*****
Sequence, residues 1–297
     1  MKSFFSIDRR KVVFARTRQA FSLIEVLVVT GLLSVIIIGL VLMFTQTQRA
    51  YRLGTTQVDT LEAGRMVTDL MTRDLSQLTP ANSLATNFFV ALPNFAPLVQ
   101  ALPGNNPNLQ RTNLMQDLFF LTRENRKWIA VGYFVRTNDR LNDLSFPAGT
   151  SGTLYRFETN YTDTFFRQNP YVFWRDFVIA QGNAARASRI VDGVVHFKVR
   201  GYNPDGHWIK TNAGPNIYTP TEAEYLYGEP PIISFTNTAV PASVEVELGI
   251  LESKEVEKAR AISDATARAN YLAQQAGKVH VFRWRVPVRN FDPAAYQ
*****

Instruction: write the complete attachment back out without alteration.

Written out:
Sequence, residues 1–297
     1  MKSFFSIDRR KVVFARTRQA FSLIEVLVVT GLLSVIIIGL VLMFTQTQRA
    51  YRLGTTQVDT LEAGRMVTDL MTRDLSQLTP ANSLATNFFV ALPNFAPLVQ
   101  ALPGNNPNLQ RTNLMQDLFF LTRENRKWIA VGYFVRTNDR LNDLSFPAGT
   151  SGTLYRFETN YTDTFFRQNP YVFWRDFVIA QGNAARASRI VDGVVHFKVR
   201  GYNPDGHWIK TNAGPNIYTP TEAEYLYGEP PIISFTNTAV PASVEVELGI
   251  LESKEVEKAR AISDATARAN YLAQQAGKVH VFRWRVPVRN FDPAAYQ